NYU art professor to take photos with camera implanted in the back of his head
It’s a situation that invites pithiness: Cyclops would be jealous. It’s the most high-tech third eye ever. Next adopters: mothers?
But Bilal, an assistant arts professor at the university’s Tisch School, underwent the yearlong project because he was commissioned to do so. The images, automatically taken once a minute and then streamed live online starting next week, will be showcased at the Mathaf: Arab Museum of Modern Art when it opens Dec. 30 in Qatar.
He’s calling the project “The 3rd I.” His past efforts have also been controversial. Once, he inserted an avatar of himself playing a suicide bomber into a video game that he called Virtual Jihadi.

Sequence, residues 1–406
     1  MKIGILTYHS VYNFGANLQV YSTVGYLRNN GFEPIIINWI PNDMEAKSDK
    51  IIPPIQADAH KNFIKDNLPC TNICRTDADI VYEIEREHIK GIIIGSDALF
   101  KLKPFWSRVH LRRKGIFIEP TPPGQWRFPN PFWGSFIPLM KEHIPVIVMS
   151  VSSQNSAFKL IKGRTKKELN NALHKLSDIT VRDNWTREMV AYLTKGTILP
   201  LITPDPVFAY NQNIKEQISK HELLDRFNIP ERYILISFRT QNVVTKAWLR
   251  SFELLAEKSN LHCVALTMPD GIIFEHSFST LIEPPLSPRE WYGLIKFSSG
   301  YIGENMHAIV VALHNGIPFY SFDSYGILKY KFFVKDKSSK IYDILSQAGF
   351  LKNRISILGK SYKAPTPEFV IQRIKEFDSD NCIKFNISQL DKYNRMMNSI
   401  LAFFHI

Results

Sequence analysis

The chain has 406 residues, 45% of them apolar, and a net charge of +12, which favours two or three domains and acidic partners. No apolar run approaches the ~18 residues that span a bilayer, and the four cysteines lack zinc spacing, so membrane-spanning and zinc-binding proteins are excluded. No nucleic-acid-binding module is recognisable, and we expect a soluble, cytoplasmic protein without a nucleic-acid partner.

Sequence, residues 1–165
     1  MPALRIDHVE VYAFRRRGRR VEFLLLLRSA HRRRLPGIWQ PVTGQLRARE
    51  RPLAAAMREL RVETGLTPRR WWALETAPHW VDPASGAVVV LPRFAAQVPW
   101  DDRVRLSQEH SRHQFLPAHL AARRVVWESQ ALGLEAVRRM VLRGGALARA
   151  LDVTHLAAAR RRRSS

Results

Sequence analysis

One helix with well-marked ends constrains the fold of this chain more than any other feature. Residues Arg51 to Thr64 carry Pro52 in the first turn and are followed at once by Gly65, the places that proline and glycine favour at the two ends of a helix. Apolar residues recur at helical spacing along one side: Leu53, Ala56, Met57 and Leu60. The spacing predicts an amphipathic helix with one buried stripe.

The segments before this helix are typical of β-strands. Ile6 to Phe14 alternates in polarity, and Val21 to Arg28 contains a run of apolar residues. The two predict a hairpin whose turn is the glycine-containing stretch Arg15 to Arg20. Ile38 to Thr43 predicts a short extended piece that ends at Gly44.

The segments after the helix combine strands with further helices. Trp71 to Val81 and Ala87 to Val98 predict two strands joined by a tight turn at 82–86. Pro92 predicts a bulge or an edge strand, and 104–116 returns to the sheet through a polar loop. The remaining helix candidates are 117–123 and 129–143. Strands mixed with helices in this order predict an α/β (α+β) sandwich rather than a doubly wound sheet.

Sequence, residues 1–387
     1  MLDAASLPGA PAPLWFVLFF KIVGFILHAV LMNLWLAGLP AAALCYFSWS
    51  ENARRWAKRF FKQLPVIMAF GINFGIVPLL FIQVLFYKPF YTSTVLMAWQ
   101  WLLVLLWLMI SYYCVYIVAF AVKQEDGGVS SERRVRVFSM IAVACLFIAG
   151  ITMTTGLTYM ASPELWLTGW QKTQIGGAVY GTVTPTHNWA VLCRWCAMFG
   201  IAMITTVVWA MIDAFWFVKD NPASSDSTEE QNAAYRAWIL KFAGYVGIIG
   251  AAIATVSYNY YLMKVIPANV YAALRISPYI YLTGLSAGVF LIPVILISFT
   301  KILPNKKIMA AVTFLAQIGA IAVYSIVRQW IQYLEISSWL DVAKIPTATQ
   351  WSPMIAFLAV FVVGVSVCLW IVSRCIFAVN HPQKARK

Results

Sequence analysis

But while devoted to his craft, playing host to a camera hasn’t been easy for Bilal, he told the Wall Street Journal.
The 10-megapixel camera, 2 inches in diameter, was attached to his head about two weeks ago in a “transdermal implant” while he was under local anesthesia. But when three titanium plates were inserted under the skin on his head and then the camera screwed onto the attached posts, Bilal wasn’t at a hospital.
The process –- videotaped, of course –- took place at a piercing studio.
And since then, sleeping has been a hassle. And he’s had to cover up the camera -- which looks like a silver fire alarm -- with a lens cap while on campus to protect student and staff privacy.
-- Tiffany Hsu
Photo: Tina Fineberg/Associated Press